Targeting cyclophilin-D by compound 19 protects neuronal cells from oxygen glucose deprivation/re-oxygenation
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Jinyu Zheng1,*, Enhui Cui2,*, Haikou Yang2, Mao Li2, Jing Zhou2, Ming Yan2, Jian Sun2 and De-Rong Tang3
1Department of Neurosurgery, The Affiliated Huai’an Hospital of Xuzhou Medical College, Huai’an, China
2Department of Anesthesiology, Huai’an Maternity and Child Healthcare Hospital, Yangzhou University Medical School, Huai’an, China
3Department of Thoracic Surgery, Huai’an First People’s Hospital, Nanjing Medical University, Huai’an, China
Jian Sun, email: email@example.com
De-Rong Tang, email: firstname.lastname@example.org
Keywords: oxygen glucose deprivation/re-oxygenation, cyclophilin-D, compound 19, programmed necrosis, P53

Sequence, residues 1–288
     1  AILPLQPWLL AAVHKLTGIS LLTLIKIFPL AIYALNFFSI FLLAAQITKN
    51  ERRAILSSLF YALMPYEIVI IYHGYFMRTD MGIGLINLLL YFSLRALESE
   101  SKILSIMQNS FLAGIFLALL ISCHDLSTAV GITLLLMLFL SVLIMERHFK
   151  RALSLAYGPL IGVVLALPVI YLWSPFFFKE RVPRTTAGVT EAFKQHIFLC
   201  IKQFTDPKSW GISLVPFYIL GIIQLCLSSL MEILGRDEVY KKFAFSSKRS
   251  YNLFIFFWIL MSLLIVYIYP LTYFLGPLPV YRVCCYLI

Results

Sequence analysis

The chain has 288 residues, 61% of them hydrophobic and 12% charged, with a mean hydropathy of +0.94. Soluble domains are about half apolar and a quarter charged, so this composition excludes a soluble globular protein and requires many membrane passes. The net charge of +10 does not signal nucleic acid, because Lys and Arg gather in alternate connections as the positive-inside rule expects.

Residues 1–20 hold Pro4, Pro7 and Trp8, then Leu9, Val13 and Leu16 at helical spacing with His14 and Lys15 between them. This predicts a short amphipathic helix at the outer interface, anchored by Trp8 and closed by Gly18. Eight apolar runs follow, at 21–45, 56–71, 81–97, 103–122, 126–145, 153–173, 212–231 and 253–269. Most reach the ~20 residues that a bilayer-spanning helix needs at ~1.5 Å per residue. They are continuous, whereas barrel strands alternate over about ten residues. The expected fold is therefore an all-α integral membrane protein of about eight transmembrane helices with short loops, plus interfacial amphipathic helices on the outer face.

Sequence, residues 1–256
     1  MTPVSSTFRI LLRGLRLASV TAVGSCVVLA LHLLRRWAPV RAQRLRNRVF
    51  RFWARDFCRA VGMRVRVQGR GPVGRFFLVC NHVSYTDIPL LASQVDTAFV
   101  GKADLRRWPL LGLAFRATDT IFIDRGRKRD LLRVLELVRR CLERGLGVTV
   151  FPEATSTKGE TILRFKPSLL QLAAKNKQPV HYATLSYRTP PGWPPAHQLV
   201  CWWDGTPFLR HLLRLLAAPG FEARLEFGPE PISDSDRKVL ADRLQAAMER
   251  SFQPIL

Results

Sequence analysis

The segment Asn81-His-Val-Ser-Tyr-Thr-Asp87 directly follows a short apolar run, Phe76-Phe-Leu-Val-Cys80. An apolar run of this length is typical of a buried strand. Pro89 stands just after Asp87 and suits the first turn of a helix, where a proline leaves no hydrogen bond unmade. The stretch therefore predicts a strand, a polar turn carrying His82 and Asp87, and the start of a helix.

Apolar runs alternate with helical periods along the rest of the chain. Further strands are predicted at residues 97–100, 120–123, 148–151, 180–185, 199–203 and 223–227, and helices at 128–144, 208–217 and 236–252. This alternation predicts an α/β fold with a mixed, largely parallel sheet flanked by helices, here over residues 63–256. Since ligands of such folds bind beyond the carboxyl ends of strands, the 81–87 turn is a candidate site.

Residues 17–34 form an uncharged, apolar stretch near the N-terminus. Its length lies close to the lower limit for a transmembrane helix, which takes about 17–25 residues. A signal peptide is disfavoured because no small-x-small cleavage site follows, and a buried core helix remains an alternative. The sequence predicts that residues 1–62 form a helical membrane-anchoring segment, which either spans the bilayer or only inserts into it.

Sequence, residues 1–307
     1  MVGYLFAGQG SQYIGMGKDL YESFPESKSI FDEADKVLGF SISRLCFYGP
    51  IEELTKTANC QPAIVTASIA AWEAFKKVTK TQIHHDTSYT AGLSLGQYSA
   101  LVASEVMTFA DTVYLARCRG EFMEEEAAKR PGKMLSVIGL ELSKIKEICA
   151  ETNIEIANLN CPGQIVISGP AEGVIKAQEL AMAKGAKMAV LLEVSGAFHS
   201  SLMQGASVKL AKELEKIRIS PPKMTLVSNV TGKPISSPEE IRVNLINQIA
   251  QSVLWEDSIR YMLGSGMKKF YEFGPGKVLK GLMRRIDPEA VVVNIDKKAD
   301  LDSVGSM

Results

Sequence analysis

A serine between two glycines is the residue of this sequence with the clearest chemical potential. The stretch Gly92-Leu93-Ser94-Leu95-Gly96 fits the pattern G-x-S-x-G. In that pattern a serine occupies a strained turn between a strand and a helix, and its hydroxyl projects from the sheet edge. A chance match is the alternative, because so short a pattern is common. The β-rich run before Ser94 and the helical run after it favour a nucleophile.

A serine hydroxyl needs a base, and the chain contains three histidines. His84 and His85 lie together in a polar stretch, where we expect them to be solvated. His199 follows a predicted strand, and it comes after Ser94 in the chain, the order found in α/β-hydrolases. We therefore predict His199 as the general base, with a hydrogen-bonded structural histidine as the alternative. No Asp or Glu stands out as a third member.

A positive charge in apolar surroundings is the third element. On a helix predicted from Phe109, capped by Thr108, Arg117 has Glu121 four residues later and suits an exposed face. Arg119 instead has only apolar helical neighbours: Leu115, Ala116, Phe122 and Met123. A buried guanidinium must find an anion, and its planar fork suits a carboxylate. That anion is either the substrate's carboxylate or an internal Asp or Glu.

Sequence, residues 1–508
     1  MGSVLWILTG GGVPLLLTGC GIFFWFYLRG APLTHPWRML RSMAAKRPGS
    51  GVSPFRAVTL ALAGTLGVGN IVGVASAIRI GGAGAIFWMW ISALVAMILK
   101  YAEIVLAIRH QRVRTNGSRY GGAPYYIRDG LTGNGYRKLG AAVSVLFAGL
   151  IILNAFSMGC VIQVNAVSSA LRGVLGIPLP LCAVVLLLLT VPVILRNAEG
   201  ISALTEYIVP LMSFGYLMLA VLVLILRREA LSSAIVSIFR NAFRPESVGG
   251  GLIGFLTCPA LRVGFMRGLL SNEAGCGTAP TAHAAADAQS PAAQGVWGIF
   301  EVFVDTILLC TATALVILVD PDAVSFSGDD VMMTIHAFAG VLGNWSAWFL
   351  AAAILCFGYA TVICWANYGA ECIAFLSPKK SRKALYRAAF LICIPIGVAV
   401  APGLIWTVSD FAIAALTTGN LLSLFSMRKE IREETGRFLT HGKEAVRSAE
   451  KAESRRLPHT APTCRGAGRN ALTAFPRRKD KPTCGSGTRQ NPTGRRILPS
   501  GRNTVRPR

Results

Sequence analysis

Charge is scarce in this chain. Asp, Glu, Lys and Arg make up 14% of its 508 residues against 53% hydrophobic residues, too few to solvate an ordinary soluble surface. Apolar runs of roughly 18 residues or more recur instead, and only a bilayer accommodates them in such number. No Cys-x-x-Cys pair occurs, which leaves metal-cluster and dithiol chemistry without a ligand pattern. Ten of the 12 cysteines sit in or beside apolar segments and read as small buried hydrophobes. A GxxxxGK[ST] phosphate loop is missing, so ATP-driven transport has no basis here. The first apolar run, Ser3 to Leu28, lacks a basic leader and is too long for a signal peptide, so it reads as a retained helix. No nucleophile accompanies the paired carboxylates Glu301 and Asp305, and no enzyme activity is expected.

Received: July 25, 2017 Accepted: August 28, 2017 Published: October 06, 2017
Oxygen and glucose deprivation (OGD) with re-oxygenation (OGDR) is applied to neuronal cells to mimic ischemia-reperfusion injuries. Activation of cyclophilin D (Cyp-D)-dependent programmed necrosis pathway mediates OGDR-induced neuronal cell damages. Here, we tested the potential effect of Compound 19 (C19), a novel Cyp-D inhibitor, in this process. In both established neuronal cell lines (Neuro-2a and NB41A3 cells) and the primary murine CA1 hippocampal neurons, pretreatment with C19 largely attenuated OGDR-induced cell viability reduction and cell death. Significantly, C19 was ineffective in Cyp-D-silenced Neuro-2a cells. OGDR induced mitochondria-dependent programmed necrosis in neuronal cells. OGDR induced p53 translocation to mitochondria and association with Cyp-D, causing mitochondrial depolarization, cytochrome C release and reactive oxygen species production. Such effects were largely attenuated with pre-treatment of C19. Importantly, C19 was significantly more efficient than other known Cyp-D inhibitors in protecting neuronal cells from OGDR. These results suggest that targeting Cyp-D by C19 protects neuronal cells from OGDR.
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